[Numpy-discussion] DVCS at PyCon

Martin Geisler mg@lazybytes....
Sun Apr 12 17:10:40 CDT 2009


David Cournapeau <cournape@gmail.com> writes:

> Ok, will look at it more closely (I have just made a hg repo from the
> numpy git one on my machine). I am still confused about how named
> branches are supposed to work (the hg book is a a bit light on this).
> For example, let's say I want to create a branch from a given
> revision/tag, how should I do it ?

You update to the revision, edit and make a commit. Please see below.

> Since hg branch does not take an -r revision, I tried to create the
> branch first, and then use hg up -r N, but it did not commit as I
> expected from a git perspective:
>
> hg branch foo
> hg up -r 500
> hg log # show me last revision independently from the branch changes.
> Not so surprising given that the branch was created from the tip of
> default.
> hg ci -m "bla"
> hg branches # no branch foo ?
>
> What am I doing wrong ?

As we pointed out to Ondrej Certik on the Mercurial list, 'hg branch' is
very different from 'git branch'. In Mercurial it creates a *named
branch*, which are imbedded in the history and are used for long-term
development branches. Names of Git branches are not recorded in the
history and are thus well-suited for local experiments.

In Mercurial you can create an unnamed branch from any point in the
changeset graph by updating to that point and making a commit:

  hg update 123
  # edit files
  hg commit -m 'My change.'

If you make a commit from a changeset which already has other child
changesets, then you've created an unnamed (anonymous) branch. You can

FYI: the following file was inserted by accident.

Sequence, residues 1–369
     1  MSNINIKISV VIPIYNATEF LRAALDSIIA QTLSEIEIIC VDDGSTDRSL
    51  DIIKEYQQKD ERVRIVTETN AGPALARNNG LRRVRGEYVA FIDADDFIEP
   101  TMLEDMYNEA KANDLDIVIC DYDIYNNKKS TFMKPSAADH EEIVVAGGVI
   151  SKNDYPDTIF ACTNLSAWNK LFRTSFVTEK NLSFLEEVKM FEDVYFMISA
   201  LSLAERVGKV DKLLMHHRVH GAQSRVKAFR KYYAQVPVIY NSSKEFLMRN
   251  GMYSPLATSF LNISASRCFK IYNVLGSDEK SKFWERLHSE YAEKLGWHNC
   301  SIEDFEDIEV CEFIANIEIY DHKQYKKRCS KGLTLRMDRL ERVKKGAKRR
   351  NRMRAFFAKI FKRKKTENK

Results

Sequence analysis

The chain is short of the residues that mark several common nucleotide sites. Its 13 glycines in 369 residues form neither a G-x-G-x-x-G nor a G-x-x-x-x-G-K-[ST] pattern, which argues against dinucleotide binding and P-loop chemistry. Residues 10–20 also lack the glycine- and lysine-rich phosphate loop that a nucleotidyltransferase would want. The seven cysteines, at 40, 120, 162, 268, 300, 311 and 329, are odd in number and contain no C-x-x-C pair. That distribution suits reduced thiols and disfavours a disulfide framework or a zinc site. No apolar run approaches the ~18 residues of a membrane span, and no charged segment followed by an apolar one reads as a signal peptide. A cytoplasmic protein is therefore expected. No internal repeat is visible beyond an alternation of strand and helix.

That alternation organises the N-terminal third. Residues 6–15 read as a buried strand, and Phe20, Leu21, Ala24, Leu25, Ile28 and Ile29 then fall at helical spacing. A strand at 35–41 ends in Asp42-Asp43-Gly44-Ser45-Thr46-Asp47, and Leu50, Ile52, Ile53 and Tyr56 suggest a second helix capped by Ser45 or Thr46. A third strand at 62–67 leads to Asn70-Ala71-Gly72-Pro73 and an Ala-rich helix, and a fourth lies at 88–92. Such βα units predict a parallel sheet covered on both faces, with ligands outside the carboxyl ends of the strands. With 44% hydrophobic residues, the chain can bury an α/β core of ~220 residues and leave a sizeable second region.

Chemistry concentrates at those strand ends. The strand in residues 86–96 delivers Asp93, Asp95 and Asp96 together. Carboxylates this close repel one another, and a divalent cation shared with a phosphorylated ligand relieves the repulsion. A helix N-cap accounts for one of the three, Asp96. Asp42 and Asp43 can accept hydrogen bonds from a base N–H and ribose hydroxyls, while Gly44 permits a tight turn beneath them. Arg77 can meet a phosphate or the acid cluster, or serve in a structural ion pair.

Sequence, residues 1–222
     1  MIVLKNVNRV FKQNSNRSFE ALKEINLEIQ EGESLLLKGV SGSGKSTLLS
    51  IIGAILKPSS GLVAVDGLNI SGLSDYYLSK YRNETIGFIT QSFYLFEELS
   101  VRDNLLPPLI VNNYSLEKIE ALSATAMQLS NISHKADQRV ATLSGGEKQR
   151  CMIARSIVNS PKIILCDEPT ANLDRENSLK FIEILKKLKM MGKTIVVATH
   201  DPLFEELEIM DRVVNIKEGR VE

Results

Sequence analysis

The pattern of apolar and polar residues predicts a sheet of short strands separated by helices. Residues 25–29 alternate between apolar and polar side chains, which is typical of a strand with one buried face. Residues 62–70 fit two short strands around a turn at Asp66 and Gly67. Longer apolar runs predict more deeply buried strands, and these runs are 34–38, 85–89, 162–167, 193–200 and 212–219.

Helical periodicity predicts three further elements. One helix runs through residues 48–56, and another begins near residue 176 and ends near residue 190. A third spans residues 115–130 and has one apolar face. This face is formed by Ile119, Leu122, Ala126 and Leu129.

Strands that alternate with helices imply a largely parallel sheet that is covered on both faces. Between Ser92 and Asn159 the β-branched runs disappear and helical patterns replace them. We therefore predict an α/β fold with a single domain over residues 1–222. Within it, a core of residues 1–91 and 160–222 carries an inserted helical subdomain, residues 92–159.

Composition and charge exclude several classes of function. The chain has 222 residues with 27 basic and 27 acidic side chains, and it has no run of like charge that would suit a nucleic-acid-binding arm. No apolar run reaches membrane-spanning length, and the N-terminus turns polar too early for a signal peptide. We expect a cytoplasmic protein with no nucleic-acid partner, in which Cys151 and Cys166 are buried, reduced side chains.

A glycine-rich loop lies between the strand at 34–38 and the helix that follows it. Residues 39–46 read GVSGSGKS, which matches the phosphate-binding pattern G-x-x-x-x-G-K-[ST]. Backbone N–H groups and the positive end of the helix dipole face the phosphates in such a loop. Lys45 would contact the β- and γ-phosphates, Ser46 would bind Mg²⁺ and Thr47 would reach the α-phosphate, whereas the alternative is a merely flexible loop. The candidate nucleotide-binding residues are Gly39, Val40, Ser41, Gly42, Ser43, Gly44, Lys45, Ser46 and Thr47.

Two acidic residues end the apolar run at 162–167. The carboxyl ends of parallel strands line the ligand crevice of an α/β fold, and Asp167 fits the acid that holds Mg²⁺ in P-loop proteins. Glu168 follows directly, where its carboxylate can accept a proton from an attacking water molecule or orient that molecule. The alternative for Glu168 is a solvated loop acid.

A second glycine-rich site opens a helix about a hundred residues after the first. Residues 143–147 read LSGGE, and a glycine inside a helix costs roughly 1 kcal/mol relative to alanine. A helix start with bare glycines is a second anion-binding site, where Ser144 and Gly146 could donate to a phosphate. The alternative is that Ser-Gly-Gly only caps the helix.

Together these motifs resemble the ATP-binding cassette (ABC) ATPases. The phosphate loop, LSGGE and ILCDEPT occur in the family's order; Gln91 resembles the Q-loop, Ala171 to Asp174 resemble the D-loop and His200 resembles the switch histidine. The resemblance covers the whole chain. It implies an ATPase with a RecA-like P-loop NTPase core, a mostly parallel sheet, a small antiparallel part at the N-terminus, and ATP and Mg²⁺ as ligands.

see this with 'hg heads' -- it shows you the changesets without
children, and having more than one of these means that there are some
unmerged branches.

The bookmarks extension let you assign names to the heads, it is
inspired by the way Git branches work. Unfortunately the bookmarks are
not yet transferred over the network when you do push/pull, but this is
of course a planned feature.

If you want to let others know about a branch you're working on, you can
always put up a separate clone with that branch -- then just delete the
clone if you want to throw away the branch.

If you have multiple heads in a repository, it is easy to separate them
into separate clones:

  hg clone -r some-rev repo repo-with-some-rev

This makes repo-with-some-rev contain some-rev and all ancestor
revisions -- but no other heads. You can merge such splitted clones
again by pulling in changesets from another clone.

-- 
Martin Geisler

VIFF (Virtual Ideal Functionality Framework) brings easy and efficient
SMPC (Secure Multiparty Computation) to Python. See: http://viff.dk/.
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